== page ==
Disney’s version first starts in 1482, in Paris with the gypsy Clopin Trouillefou, voiced by Paul Kandel, who opens the story with a puppet show for curious children. The story begins with Monseigneur Claude Frollo, the film’s villain, on a horse pursuing gypsies attempting to flee from him. Frollo chases one of the gypsies, a mother, to the church and causes her death upon the stairs of the cathedral, Notre Dame. Frollo sees the deformed child and goes to drop him in the well when he is stopped by the archdeacon. He is then made to take in the disfigured child in order to atone for his sins he committed in the eyes of the holy church. This child is named Quasimodo, meaning half-formed, and due to his differences, he is kept away in a tower, with only stone gargoyles as friends.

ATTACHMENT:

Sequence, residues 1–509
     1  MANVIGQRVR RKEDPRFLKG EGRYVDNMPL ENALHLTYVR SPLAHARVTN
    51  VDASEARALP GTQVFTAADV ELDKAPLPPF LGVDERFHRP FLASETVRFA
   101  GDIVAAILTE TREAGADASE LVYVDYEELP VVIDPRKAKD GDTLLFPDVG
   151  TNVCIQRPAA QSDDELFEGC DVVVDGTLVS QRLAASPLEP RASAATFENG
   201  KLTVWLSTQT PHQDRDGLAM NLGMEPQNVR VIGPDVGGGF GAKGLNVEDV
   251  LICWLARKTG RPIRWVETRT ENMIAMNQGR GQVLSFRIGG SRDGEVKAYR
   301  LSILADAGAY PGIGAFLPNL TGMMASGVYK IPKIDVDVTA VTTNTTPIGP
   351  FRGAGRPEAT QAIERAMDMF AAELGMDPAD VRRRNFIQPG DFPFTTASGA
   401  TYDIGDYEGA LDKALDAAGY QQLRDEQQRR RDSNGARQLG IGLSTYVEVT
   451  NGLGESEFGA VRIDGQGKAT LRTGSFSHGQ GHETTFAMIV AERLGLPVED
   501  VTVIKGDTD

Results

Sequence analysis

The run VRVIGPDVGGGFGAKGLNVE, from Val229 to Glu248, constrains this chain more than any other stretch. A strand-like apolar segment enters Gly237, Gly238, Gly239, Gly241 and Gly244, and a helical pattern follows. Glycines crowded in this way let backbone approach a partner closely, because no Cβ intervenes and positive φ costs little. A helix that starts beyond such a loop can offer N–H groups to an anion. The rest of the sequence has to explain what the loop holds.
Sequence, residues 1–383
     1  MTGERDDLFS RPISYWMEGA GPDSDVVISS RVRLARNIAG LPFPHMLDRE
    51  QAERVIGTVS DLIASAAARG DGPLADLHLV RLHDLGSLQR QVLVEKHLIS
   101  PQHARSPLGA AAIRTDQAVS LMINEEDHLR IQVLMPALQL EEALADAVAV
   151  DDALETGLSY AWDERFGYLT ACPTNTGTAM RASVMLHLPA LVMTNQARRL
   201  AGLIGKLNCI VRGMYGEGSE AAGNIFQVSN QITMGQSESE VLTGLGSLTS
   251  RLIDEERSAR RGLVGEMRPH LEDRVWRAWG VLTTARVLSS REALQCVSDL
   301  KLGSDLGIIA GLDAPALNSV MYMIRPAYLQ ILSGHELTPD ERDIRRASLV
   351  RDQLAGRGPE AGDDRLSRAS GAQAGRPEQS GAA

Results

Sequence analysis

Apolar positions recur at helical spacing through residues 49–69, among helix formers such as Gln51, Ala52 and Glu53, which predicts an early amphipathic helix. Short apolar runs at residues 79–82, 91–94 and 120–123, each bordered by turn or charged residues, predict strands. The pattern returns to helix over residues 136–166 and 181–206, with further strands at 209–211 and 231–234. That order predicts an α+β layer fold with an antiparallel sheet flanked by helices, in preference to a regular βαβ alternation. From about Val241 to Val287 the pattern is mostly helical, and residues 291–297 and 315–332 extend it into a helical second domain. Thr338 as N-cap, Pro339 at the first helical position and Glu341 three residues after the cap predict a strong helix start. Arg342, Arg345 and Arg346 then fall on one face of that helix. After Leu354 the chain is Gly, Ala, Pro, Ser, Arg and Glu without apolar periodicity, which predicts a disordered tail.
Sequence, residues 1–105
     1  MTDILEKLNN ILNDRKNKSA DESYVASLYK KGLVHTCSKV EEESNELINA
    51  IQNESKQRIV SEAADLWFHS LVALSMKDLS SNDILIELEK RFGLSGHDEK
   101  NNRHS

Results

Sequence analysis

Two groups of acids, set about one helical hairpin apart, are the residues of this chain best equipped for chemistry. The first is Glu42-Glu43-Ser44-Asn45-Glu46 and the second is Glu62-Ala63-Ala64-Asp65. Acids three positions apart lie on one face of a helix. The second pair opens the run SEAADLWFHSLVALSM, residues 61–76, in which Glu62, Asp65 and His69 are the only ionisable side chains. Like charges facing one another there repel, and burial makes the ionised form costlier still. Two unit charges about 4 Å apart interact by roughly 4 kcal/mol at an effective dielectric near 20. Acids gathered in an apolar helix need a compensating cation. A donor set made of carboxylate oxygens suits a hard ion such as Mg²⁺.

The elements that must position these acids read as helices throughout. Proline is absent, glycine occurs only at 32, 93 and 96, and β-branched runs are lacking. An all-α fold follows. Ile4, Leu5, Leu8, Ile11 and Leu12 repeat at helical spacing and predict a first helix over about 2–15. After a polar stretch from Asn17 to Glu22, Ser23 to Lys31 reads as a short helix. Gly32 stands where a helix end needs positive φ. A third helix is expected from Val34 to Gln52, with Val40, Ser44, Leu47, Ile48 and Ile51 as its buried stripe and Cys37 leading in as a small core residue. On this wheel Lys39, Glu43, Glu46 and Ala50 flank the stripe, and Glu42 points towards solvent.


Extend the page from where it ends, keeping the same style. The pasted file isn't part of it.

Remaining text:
When the Festival of Fools arrives, Quasimodo sneaks out against Frollo’s wishes. At the festival, he meets Esmeralda, who believes his face to be a mask. She pulls Quasimodo on stage for “The King of Fools,” a contest which searches for the ugliest face in Paris. When the crowd goes wild by Quasimodo’s blemishes, the gypsy girl stops the crowd, earning Frollo’s anger. Quasimodo must work to save the girl from Frollo’s subsequent wrath.

The musical put on by the FC Theatre Department on Feb. 9, 11, 16, 17, and 18, was based on the original novel by Victor Hugo, called Notre-Dame de Paris. The main cast includes Junior Noah Hankins as Dom Claude Frollo, Senior Mitchell Lewis as Quasimodo, Senior Logan McNeeley as Clopin Trouillefou, Junior Jesse Johnson as Phoebus de Martin, and Junior Elizabeth Hallal as Esmeralda.